How do you know if the guide who takes you on your dream hunt is any good?
Have you ever been on an outfitted hunt where you suspected your guide had been the cook or maybe the wrangler the day before you showed up? Well, perhaps he had.
Turns out the title “guide” can be used rather loosely depending on where you hunt. In North America, there are no federal laws that define, test, or regulate hunting guides–and often no state or provincial regulations, either.
In other words, your guide could really have been the cook–or your outfitter’s brother-in-law, the local bartender, or some cowboy dragged in off the street. And it all would have been legal. Caveat emptor.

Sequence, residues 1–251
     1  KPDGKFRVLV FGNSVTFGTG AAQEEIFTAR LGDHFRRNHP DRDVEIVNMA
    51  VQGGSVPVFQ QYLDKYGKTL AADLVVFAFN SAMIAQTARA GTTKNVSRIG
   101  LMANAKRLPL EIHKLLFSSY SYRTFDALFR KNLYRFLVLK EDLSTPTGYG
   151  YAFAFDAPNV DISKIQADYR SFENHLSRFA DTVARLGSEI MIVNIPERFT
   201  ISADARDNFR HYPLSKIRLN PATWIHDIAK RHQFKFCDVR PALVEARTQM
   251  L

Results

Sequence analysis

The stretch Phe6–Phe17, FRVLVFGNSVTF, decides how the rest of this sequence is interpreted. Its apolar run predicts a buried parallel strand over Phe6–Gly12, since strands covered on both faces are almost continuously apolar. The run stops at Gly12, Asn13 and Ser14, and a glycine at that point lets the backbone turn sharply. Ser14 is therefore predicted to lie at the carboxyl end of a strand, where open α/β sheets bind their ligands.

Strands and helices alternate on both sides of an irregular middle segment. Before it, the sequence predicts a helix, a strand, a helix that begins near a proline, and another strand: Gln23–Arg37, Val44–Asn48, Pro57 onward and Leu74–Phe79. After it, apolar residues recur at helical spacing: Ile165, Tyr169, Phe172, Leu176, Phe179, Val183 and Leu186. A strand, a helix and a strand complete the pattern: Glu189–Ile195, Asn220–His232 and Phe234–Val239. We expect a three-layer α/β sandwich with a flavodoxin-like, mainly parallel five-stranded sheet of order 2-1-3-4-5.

I once suffered nine days at the hands of a sheep guide who’d never guided a sheep hunter, never hunted a sheep himself, and never even touched one, dead or alive, unless you counted domestic woolies on his Dad’s farm. He stalked rams from below, sometimes with the wind at his back, and had a tough time deciding if any were legal. Needless to say, we did not get a ram on that trip.
Then there was the elk guide who’d just graduated from a guide school in Montana. He tied a mean diamond hitch and wore a pretty red silk bandana, but had yet to hunt an elk. Another time, following a shouting match with the outfitter, our guide walked out and our outfitter was later overheard whispering to the cook, “You ever guided for moose?”
Desperate times call for desperate measures. But how do make sure you aren’t the victim of those desperate measures?